April 1, 2008
Just streamed the new R.E.M album "Accelerate" today with some trepidation; all the critical hype around Michael Stipe and co.'s supposed "comeback album" really made my skepticism hackles go up. Though I rated "Up" as one of the 10 finest albums of its release year, "Reveal" and their last outing, "Around the Sun" did leave even the most fervent R.E.M. fans at least a little cold. Maybe a lot cold.
However, I'm exceptionally pleased (and not a little shocked) to say that the strident, rhythmic and melodic "Accelerate," song for song, indeed represents the Athens, GA's band return to form. It's inevitable on such an occasion as this to toss around the word "comeback" like a tennis ball, but I'd go so far to say that this is their "All That You Can't Leave Behind," the record that put U2 back in critical and commercial favor after the techno miscalculation of "Pop."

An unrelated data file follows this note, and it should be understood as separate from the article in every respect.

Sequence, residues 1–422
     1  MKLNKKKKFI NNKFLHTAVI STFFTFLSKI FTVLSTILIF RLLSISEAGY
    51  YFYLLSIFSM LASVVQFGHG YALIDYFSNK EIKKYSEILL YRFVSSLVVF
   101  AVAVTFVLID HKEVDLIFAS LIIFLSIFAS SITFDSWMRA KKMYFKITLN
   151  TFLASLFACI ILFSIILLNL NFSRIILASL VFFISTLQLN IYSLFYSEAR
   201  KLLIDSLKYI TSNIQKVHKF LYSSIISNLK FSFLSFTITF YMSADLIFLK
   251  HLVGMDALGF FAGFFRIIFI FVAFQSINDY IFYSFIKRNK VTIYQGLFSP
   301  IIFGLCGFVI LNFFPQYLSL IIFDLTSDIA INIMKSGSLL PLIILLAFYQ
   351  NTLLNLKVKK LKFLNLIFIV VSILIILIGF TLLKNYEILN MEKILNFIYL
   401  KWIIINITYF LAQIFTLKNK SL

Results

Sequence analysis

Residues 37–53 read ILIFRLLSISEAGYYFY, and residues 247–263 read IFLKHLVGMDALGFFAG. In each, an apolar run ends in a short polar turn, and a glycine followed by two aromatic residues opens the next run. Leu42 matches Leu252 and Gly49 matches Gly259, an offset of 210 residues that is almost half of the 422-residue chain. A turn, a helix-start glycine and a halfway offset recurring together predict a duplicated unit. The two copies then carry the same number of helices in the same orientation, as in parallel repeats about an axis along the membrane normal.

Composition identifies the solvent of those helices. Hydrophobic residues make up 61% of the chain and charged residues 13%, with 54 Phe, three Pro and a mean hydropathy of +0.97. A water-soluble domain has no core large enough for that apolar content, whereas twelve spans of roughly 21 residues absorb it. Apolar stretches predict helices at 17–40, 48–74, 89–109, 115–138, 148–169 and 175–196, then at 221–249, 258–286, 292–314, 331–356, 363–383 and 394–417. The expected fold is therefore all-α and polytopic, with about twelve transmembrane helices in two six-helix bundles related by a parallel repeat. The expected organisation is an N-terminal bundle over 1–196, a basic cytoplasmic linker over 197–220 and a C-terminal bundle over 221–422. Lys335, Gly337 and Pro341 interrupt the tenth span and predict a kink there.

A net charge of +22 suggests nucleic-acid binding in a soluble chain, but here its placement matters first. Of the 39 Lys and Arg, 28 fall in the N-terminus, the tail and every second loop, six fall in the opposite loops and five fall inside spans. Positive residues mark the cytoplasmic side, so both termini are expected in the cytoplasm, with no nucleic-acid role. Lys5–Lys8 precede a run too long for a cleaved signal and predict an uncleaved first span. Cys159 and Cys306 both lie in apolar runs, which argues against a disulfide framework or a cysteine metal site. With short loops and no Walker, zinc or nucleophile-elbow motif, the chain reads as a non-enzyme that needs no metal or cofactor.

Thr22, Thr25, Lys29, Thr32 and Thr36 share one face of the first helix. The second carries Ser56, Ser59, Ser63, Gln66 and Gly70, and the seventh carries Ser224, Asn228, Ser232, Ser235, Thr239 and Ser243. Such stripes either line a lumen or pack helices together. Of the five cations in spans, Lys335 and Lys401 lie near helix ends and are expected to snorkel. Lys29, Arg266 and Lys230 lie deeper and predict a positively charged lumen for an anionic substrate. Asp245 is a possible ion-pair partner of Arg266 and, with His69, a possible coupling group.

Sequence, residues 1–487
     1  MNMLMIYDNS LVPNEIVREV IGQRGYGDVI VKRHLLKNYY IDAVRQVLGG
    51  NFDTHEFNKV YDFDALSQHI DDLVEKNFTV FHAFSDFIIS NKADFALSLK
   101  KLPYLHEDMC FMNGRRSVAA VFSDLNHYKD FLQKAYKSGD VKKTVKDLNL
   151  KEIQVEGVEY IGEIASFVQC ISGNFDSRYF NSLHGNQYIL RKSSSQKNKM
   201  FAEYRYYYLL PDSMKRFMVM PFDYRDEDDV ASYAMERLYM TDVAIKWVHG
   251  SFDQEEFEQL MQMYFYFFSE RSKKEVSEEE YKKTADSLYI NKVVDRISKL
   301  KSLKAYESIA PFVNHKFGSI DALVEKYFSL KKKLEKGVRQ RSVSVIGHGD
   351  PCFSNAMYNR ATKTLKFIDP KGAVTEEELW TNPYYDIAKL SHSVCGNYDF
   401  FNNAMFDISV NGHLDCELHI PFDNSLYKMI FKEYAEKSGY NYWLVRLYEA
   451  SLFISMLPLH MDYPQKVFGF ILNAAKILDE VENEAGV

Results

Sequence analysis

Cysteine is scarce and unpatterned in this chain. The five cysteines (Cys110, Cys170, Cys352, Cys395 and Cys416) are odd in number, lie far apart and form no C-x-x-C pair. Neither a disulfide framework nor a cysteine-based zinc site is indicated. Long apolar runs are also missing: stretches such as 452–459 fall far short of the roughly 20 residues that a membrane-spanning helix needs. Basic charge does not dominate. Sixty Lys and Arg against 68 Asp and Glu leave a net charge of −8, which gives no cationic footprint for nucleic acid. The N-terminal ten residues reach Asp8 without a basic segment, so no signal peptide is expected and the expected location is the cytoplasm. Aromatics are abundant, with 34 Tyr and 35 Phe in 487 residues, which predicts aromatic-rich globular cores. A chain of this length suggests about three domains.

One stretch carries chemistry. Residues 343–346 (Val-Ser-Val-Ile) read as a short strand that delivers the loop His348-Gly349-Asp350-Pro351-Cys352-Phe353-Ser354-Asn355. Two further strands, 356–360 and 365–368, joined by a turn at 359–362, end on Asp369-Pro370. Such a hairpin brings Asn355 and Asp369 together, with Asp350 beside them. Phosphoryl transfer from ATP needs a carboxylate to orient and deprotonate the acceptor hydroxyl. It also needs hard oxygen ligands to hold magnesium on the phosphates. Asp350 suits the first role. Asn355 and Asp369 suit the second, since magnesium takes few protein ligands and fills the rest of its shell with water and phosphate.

While some might say R.E.M. is going "back-to-basics" (yawn), it's not spin-doctoring to say that they surveyed their strengths, and channeled them to striking, cohesive effect on these new songs. Sure, there are echoes of vintage R.E.M.: the political finger pointing of "Document" and "Green"; the emotional lyricism of "Murmur" and "Life's Rich Pageant; the loud Peter Buck power chords from "Monster." However, "Accelerate" finds synergy amid its ingredients, and Stipe, Buck and bassist Mike Mills have finally become whole again in the post Bill Berry-era.
R.E.M., an undeniably huge and influential American rock institution, hasn't just accelerated; they've outrun the diminishing expectations their last three records have forced upon them. It's the end of their critical woes as we know it...